And I’ll remember. There’s a reason why I’m a writer. My imagination is so powerful that I can mentally place myself back in the past and see what happened all over again. Of course, this is a curse when it comes to things I’d rather forget, but can’t.
Over the years…I’d never forget Patricia Griffin. Even when I was in college, every time I’d drive down that road to pick up my good friend, I’d think of her. Every time I passed by our high school, I’d think of her. It doesn’t make sense. She was never my girlfriend. I never even told her I loved her and our closest year as friends was contained to our 8th grade year. So why? Why does she linger in my thoughts so much?
With the advent of Facebook, came the advent of Facebook stalking. And I confess, I’m not above such practices. As we all know, the indulgence can spare you of unnecessary heartache. By doing a quick search, you can find out if your crush is taken or not. By doing a quick search, you can satisfy your curiosity about an old rival to see if you’re doing better.
For me…I’m just an idiot for caring as much as I do. There are people in my life who have helped me, who I can credit with making me the man I am today. Regardless of their intentions or whether or not they did it for my sake, I feel honor bound to keep them in my memories, to use them as motivation to never give up. Like Michael Stevens. Chris Buck. Melinda, Jeff McKew and their mother during the Christmas of 2004. Madison Davenport. Javon Johnson from 7th grade. I can go on and on.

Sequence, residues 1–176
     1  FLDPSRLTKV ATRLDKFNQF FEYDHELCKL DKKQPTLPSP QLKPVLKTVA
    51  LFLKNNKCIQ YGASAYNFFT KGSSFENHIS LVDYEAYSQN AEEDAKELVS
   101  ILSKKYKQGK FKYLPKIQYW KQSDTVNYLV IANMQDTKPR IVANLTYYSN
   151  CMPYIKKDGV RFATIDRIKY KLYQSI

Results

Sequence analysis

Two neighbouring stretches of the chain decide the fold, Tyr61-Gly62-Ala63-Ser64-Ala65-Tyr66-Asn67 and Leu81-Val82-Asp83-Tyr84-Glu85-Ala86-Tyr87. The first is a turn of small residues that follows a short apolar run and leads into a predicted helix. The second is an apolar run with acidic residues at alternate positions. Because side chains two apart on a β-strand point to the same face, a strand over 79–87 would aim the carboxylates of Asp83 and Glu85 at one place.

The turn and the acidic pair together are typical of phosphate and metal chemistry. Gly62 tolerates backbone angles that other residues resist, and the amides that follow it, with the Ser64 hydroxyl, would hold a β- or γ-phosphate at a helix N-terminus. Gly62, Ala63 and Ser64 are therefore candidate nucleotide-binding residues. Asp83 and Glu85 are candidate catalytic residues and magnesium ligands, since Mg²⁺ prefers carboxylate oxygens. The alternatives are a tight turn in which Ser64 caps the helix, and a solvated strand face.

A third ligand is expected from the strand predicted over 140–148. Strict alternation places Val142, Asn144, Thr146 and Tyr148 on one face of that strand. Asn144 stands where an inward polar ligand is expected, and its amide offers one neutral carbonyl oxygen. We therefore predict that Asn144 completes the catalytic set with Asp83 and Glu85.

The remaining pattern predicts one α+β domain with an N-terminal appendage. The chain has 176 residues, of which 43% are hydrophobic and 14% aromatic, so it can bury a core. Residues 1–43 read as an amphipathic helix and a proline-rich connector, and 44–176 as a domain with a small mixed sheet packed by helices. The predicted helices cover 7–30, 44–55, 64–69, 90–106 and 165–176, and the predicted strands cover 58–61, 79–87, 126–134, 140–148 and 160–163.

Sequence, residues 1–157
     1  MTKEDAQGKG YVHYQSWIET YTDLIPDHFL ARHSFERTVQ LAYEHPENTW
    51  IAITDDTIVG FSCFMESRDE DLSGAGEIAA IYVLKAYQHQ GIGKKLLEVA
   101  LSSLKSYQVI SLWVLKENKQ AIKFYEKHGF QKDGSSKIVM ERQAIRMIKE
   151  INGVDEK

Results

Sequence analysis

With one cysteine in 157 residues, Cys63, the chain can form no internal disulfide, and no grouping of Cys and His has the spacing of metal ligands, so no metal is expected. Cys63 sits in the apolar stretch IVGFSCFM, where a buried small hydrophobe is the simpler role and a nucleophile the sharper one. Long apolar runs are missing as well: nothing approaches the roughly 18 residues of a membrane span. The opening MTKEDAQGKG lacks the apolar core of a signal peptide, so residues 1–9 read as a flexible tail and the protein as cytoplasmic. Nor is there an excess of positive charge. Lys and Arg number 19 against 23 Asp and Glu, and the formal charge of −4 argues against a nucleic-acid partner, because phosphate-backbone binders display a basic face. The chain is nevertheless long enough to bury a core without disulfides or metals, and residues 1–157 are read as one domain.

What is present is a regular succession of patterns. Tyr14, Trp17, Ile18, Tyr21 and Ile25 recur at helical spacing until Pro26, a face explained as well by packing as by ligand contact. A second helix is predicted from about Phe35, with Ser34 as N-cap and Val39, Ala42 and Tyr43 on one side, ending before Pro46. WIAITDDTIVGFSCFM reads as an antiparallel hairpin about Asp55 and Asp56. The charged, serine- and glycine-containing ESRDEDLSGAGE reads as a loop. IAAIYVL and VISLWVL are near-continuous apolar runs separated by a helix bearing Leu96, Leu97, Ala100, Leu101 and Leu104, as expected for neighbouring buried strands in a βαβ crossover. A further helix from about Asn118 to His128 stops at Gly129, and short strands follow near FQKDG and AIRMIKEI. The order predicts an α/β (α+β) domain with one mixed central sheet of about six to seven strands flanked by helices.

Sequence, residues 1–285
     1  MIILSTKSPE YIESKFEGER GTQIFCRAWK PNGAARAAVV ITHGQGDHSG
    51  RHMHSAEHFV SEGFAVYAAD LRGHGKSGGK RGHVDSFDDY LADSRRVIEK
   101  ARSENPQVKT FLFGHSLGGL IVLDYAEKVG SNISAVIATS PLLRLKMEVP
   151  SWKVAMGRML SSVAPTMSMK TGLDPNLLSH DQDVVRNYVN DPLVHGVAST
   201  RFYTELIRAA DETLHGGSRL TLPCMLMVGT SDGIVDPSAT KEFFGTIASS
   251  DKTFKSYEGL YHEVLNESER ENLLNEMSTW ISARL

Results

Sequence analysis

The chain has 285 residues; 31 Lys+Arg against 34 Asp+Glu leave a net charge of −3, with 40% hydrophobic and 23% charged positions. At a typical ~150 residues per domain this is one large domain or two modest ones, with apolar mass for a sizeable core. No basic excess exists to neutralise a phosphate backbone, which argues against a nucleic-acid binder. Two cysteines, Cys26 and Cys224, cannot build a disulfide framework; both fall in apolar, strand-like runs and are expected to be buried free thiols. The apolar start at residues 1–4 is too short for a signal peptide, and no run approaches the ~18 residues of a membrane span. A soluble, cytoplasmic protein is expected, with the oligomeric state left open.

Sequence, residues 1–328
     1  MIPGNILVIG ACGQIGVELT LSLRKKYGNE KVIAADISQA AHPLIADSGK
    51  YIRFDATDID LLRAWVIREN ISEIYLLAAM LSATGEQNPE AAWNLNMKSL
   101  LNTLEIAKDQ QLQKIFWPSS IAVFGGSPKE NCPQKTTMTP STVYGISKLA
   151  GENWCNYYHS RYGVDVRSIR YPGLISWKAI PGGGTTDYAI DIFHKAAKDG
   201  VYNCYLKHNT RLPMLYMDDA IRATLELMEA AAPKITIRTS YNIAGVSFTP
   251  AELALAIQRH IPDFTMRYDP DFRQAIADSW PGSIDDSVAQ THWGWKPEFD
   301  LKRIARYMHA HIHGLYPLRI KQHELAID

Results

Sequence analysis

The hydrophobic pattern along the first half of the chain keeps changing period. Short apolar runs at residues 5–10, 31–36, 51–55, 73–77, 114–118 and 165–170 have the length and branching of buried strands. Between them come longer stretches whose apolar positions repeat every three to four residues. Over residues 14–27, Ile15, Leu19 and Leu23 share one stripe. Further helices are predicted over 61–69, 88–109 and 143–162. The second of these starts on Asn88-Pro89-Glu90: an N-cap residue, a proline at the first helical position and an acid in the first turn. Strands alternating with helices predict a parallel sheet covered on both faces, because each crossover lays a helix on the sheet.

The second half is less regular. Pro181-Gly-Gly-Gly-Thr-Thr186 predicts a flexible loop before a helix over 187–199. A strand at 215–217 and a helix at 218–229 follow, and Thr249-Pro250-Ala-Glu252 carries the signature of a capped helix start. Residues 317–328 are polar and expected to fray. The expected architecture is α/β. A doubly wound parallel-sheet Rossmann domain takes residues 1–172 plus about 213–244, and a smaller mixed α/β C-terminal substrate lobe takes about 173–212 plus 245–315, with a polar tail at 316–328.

No lie, I found out the hard way that sometimes people do things for you, in which it’s so groundbreakingly significant to you…but to the person it was so trivial that they had forgotten about it. I remember writing to my drama teacher, thanking her for her help and she wrote back as if it was no big deal. I imagine she must have helped hundreds of students and I was one of many. Which kind of sucks, because it’s nice to feel special.
I think it was around 2012-2013 when I began to search for my old crush, Patricia Griffin. I couldn’t find her Facebook page. Which made me smirk. Patricia would be cool enough to stay off Facebook.
And then…I did a Google search.
An obituary came up from the Augusta Chronicle. I can still feel the chill that rushed over my arms. I was like… “Nah. That can’t be her. Patty’s my age.” Patricia was an old-fashioned name after all. I’m sure there were other senior citizens who had died with that name.
AUGUSTA, Ga. – Patricia Kay Griffin, an Augusta resident, died on Sunday, March 2, 2008. She was 21 years old. She graduated from Cross Creek High School in 2005, where she was very involved in the J.R.O.T.C. program. She attended The Academy of Somatic Healing Arts where she enjoyed learning about massage therapy. Patricia enjoyed music and black & white photography.